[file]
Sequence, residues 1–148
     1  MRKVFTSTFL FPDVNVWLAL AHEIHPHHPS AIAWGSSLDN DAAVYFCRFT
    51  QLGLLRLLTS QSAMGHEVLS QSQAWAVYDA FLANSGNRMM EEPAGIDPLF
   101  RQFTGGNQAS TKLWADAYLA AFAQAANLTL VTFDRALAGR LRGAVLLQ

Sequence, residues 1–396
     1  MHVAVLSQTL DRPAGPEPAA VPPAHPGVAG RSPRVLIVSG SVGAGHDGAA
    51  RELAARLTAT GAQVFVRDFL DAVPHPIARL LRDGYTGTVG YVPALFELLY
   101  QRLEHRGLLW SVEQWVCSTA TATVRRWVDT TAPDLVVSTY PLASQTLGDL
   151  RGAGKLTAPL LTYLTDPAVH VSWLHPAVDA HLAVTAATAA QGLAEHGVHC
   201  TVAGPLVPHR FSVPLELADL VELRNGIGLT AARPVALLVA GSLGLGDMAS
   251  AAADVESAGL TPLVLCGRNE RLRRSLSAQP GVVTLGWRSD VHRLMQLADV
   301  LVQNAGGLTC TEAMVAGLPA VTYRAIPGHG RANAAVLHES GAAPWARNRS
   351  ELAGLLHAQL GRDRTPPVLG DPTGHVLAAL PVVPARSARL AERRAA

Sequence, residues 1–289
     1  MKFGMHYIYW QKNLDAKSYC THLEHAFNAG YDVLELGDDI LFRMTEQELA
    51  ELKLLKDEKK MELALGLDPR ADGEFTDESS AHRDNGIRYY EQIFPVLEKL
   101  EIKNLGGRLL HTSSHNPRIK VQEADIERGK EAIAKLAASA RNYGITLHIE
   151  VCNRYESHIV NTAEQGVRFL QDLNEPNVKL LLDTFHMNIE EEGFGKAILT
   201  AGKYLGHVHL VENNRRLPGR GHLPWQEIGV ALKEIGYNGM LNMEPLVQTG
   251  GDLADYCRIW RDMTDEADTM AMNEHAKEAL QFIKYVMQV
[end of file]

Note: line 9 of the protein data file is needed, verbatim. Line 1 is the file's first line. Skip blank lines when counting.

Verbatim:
   151  RGAGKLTAPL LTYLTDPAVH VSWLHPAVDA HLAVTAATAA QGLAEHGVHC